It apparently sat undisturbed for decades, perhaps more than 125 years, tucked into the pages of a book printed decades before the invention of electricity. A freebie for smokers in 1887, but now a valuable and rare collectible with a great story to tell, a newly discovered Four Base Hits John Clarkson has sold at auction for $95,600.
The price, which included a 19.5% buyer’s premium, beat the pre-sale estimate of $50,000-$75,000.
Early in 2014. auction officials say a Montgomery County, PA couple had ventured into a far-flung thrift store and purchased the stack of old books. After returning home and leafing through each volume, they discovered the Clarkson card, tucked inside a 19th century Bible, apparently used as a bookmark generations ago and never removed.
Curious, but in no hurry, the couple set the card aside for several months before turning to the internet to find out a little more about what they had uncovered. After extensive research, they submitted the card to SGC for evaluation, where it was authenticated and assigned a 20 (Fair) grade, becoming the only complete version of the card ever discovered. The only other Clarkson was judged ‘Authentic’ due to trimming.
Learning of the March 6-8 Philadelphia Sportscard and Memorabilia show, the couple visited Huggins & Scott’s booth and opted to consign it to the company’s auction.
It was fitting, perhaps, that a baseball card that could well be considered a 19th century holy grail find a quiet home inside a copy of The Holy Bible. The card opened with a minimum bid of $10,000.
Only 17 subjects from the 1887 Four Base Hits series have ever been evaluated by both SGC and PSA. Only eight of those are Hall of Famers, including Clarkson, who won 328 games and was inducted into Cooperstown in 1963, 54 years after his death.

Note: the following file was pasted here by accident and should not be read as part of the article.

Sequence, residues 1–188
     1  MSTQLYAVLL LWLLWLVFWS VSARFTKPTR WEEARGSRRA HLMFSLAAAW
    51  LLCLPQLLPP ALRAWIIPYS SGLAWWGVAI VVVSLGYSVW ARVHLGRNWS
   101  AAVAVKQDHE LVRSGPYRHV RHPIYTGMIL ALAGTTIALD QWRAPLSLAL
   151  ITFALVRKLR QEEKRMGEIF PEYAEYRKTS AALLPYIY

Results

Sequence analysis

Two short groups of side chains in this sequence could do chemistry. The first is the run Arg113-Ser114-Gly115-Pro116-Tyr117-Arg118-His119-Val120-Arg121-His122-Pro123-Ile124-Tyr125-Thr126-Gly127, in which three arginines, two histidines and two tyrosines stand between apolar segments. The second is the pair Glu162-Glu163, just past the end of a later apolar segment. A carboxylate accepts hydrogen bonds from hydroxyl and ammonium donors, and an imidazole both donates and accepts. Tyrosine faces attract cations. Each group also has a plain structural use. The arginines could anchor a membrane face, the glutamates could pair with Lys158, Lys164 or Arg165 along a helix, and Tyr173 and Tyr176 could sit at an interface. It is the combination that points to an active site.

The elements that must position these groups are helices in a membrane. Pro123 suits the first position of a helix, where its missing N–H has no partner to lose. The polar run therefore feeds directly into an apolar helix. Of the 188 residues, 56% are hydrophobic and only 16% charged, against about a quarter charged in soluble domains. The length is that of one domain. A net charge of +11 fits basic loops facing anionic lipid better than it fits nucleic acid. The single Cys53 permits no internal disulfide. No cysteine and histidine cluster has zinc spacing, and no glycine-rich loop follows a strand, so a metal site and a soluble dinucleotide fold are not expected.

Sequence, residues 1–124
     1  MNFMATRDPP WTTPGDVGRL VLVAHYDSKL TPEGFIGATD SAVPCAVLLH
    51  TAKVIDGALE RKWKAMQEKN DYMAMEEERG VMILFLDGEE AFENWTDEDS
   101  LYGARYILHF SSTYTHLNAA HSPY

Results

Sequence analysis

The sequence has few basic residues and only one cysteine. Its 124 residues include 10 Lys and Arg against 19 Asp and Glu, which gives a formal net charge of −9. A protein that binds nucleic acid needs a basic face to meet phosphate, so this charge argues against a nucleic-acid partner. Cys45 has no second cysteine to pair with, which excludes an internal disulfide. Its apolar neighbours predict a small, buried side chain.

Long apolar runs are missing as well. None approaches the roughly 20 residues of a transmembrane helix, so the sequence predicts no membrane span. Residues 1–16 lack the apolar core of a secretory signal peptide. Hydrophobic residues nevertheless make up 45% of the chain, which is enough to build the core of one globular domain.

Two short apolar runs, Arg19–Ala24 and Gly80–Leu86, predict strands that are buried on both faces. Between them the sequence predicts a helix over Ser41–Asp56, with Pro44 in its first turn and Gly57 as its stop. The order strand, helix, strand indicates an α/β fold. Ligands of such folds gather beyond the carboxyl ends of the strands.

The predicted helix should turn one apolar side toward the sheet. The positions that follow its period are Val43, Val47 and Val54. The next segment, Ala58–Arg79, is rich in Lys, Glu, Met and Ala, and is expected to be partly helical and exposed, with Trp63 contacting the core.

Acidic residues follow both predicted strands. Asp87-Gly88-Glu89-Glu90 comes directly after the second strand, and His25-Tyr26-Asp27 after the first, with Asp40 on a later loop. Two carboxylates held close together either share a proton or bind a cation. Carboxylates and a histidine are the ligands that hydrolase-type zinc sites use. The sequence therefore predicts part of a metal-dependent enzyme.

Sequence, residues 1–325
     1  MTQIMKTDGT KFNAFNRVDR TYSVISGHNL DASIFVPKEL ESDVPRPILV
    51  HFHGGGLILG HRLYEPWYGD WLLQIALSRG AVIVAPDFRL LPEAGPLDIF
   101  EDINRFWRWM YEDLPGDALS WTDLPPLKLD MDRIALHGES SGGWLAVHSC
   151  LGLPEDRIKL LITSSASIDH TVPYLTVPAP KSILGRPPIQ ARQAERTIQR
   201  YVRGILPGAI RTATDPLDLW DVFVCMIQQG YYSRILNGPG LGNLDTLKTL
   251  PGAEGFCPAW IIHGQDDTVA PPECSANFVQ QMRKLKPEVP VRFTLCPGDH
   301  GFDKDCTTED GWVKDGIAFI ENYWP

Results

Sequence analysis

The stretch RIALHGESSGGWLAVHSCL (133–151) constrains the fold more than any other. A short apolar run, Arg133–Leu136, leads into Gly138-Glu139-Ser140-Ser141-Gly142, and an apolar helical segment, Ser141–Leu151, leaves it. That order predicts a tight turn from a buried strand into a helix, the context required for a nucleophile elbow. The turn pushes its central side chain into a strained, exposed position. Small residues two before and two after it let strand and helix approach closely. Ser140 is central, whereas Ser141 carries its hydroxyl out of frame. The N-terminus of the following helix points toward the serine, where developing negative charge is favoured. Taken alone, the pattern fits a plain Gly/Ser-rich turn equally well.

Measuring 2 ¼” x 3 7/8”, Four Base Hits is a favorite among advanced collectors of pre-War cards. The manufacturer has never been determined.
The auction description in the Huggins & Scott catalog, stated:
The dapper mustachioed hurler is portrayed in his suit-and-tie against a perfectly contrasted sepia backdrop. The sturdy cardboard foundation exhibits superficial corner and edge wear with pinpoint centering and a blank reverse. Faint reverse finger print impressions and an inch-long horizontal edge crease which does not protrude the surface are evident only upon close scrutiny. While the lower obverse concedes two microscopic specks of paper loss (the larger between the “ch” in pitcher) along with a barely perceptible fissure located on the bottom edge, the overall integrity of the surface is not compromised in the least.
The set also includes Mike “King” Kelly, Buck Ewing, Mickey Welch and John Montgomery Ward, among others. One of two known Ward cards, graded Authentic by SGC, sold for $18,690 via Robert Edward Auctions a year ago.